It’s week seven and time to dust off your dust sheets with Halloween on the horizon. Bond is back this week as Craig graces our screens once more in ‘Spectre’. While Sam Smith’s theme might leave a lot to be desired, the new 007 film is set to meet the high standards of its predecessor ‘Skyfall’. Also, returning to the screen is British favourites Ian McKellen and Anthony Hopkins in the BBC TV adaptation of Ronald Harwood’s play ‘The Dresser’. ‘The Dresser’ centres on the head of a Shakespearean theatre company (Hopkins) and his stage hand (McKellen) as they struggle to perform King Lear during the worst days of the Blitz in WW2. Back for another instalment is the Live Lounge hosted by Music is Love and STAR with a line-up of student musicians to enjoy with a coffee in Rectors this Thursday. New to the Barron is student-written play ‘Miracle Material’ which tells the story of Nat caught in a media storm and storm of different opinions after a freak accident. Also new this week is Colum McCann’s collection of short stories ‘Thirteen Ways of Looking’. Each of the three stories focuses on time in the present, memory and in anticipation through a missing child, a struggling writer and a nun suffering from dementia.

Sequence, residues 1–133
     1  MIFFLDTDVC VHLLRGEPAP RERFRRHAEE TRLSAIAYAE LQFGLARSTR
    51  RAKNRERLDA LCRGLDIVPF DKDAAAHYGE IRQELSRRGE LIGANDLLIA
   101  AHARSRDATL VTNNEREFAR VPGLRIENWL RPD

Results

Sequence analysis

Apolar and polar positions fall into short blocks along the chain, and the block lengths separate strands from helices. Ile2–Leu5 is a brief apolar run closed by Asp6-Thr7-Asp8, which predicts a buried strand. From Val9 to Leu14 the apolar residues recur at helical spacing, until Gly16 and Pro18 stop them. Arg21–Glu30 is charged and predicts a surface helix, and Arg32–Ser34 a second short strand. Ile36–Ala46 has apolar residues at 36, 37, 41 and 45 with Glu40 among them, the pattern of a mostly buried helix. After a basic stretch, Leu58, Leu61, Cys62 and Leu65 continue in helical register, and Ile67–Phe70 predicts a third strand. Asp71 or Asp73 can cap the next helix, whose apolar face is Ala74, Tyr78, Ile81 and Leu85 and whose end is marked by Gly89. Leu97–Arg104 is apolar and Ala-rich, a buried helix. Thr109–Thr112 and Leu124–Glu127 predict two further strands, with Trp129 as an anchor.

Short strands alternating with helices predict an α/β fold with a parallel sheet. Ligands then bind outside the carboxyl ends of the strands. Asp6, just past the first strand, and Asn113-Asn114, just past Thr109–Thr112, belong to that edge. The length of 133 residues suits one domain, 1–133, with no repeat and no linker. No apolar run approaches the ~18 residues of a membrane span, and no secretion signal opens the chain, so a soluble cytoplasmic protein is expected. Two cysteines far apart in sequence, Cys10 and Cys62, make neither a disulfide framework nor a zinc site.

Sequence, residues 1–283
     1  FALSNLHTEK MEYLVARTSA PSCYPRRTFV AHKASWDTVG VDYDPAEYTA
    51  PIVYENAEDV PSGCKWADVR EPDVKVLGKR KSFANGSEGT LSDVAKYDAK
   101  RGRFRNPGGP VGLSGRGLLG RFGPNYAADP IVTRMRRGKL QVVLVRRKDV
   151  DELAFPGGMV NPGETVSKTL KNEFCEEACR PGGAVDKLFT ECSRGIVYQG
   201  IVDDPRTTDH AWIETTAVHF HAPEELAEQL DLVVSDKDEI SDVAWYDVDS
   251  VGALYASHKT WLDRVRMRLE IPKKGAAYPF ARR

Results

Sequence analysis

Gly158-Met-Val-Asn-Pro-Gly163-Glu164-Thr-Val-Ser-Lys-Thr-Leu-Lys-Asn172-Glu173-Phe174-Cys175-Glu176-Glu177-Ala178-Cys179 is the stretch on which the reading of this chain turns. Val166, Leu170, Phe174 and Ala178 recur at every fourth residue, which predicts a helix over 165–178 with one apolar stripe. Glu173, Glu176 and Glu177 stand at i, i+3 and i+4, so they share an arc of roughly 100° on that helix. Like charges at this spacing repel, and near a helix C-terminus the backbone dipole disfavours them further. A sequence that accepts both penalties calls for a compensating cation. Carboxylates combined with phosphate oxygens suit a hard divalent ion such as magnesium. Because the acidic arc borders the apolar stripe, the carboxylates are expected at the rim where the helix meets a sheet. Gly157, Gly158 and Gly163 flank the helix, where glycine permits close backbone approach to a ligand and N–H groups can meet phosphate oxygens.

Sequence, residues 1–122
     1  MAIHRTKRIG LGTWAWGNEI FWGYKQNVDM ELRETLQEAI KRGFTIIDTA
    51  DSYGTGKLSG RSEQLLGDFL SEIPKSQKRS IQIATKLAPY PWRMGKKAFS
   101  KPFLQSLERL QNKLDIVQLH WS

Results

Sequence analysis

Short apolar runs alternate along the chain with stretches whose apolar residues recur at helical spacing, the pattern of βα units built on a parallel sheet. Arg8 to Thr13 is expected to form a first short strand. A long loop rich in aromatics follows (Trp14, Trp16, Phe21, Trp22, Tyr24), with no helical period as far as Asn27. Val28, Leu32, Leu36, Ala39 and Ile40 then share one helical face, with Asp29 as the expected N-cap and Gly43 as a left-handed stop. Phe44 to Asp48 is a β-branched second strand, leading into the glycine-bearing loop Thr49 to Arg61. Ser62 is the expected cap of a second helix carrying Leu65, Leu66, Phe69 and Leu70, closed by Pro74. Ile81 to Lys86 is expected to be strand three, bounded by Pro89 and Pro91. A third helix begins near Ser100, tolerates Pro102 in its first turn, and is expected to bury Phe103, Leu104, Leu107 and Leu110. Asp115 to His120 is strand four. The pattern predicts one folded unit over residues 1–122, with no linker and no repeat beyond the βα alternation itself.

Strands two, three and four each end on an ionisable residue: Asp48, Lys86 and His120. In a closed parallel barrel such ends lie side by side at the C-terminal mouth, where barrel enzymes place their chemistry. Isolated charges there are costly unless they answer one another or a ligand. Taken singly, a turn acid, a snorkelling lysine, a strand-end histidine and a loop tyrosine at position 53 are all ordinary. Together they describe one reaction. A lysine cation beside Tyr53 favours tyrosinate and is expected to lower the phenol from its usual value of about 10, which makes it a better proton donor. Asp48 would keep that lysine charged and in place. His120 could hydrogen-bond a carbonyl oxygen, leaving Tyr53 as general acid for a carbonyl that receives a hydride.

The Playlist: Week Six

With post-raisin blues taking hold here’s a few suggestions to brighten up your week. Roleplay by Alan Ayckbourn hits The Barron stage this week, a light-hearted comedy that promises to deliver the laughs. ‘Fargo’ is back on our TV screens with a second series and new “true story” that will rewind back to 1979 with Kirsten Dunst, diner killing, UFO sightings and Ronald Regan. Also, stepping back in time is Jamaican born Marlon James’ ‘A Brief History of Seven Killings’ that won the Man Booker Prize last week. It focuses on the consequences of an unsuccessful plot to assassinate Bob Marley back in 1976 and is told from dozens of perspectives with technical brilliance as it breaks into free verse, streams of conscience and a nine page long sentence. This week’s film ‘Suffragette’ also made headlines via the protest at its premiere which goes to show the fight for women’s rights is not a distant issue. Also fighting for rights is Xavier Ball this week with its profits supporting refugees in East Africa. Xavier Ball is set to be a colourful end to your post-raisin week.

The Playlist: Week Four

The fourth week is here along with the dark nights so here’s some recommendations to brighten up your week. The film, book and play of choice this week are all reworkings of Shakespeare. Jeanette Winterson’s book ‘The Gap of Time’ adapts The Winter’s Tale keeping the story the same while shifting the structure and adding a new modern setting. The new Macbeth film adaptation hits cinemas this week, Michael Fassbender takes title role in a modern post-traumantic stress meets warpaint and ‘Braveheart’ vibe. While the Barron theatre is about to become a psychiatric’s waiting room as Shakespeare characters are scrutinised in one-act comedy Antic Disposition. With the combination of coffee and acoustic covers, the second Star and Music is Love Live Lounge in Rector’s cafe is the event of choice this week. And it’s time for the last show stoppers and time we stopped wishing we were good at baking for a year as The Great British Bake Off Final is here.